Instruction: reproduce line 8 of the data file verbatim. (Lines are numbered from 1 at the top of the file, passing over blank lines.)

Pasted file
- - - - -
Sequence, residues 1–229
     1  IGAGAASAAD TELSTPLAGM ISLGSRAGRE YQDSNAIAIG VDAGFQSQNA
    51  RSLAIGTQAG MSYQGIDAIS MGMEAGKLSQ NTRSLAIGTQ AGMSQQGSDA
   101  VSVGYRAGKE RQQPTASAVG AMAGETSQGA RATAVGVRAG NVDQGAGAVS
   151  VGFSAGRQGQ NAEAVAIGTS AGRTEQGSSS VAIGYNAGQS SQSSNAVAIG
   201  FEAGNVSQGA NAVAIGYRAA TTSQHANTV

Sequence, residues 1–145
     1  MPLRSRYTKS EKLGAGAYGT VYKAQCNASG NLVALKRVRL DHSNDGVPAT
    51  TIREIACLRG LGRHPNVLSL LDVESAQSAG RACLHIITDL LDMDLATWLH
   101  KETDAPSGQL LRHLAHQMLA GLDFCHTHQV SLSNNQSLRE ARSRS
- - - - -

     1  MPLRSRYTKS EKLGAGAYGT VYKAQCNASG NLVALKRVRL DHSNDGVPAT